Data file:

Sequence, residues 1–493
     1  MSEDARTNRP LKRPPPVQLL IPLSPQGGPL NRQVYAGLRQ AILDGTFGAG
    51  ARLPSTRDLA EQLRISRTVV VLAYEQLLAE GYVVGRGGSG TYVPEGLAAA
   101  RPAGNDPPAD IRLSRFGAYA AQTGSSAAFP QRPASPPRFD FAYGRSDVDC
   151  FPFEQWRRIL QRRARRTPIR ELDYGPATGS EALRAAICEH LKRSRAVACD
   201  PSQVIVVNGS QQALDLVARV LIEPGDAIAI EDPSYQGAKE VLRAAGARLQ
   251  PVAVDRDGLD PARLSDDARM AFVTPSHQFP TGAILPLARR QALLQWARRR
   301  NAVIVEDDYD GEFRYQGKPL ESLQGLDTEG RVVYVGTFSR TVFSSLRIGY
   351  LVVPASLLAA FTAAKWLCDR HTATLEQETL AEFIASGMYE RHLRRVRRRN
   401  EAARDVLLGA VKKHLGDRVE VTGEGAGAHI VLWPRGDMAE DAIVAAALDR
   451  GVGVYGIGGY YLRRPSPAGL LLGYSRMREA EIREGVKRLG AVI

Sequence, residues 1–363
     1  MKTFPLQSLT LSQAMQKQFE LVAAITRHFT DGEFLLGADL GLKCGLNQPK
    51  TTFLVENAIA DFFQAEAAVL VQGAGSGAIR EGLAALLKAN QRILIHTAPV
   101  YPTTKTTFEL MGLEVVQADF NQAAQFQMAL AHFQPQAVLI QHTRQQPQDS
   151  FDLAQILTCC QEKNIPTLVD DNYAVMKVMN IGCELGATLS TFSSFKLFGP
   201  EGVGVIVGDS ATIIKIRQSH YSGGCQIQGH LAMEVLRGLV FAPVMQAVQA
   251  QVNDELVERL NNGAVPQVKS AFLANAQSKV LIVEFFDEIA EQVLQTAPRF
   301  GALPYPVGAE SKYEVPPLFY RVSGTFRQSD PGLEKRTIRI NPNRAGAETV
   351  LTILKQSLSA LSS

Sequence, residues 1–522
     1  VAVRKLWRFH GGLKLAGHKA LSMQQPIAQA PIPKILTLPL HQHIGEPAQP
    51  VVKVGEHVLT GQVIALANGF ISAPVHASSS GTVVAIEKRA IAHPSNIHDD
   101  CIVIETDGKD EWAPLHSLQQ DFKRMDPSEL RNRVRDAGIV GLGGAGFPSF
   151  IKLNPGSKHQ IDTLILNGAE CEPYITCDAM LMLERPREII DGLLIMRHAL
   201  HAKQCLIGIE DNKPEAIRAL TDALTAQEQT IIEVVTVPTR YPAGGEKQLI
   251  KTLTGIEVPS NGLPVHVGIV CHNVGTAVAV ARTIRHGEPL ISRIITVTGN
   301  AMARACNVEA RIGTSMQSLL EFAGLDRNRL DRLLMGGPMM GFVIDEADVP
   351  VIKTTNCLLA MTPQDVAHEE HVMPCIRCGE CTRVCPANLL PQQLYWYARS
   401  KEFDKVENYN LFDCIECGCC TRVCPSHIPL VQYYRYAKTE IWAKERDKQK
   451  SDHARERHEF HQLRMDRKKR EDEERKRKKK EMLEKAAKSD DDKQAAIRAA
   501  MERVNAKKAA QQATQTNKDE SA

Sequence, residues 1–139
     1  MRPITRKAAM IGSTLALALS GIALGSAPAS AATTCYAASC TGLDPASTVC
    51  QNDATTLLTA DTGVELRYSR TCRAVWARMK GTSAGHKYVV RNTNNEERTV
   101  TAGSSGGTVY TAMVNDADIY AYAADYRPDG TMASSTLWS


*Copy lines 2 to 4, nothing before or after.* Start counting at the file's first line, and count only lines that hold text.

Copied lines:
     1  MSEDARTNRP LKRPPPVQLL IPLSPQGGPL NRQVYAGLRQ AILDGTFGAG
    51  ARLPSTRDLA EQLRISRTVV VLAYEQLLAE GYVVGRGGSG TYVPEGLAAA
   101  RPAGNDPPAD IRLSRFGAYA AQTGSSAAFP QRPASPPRFD FAYGRSDVDC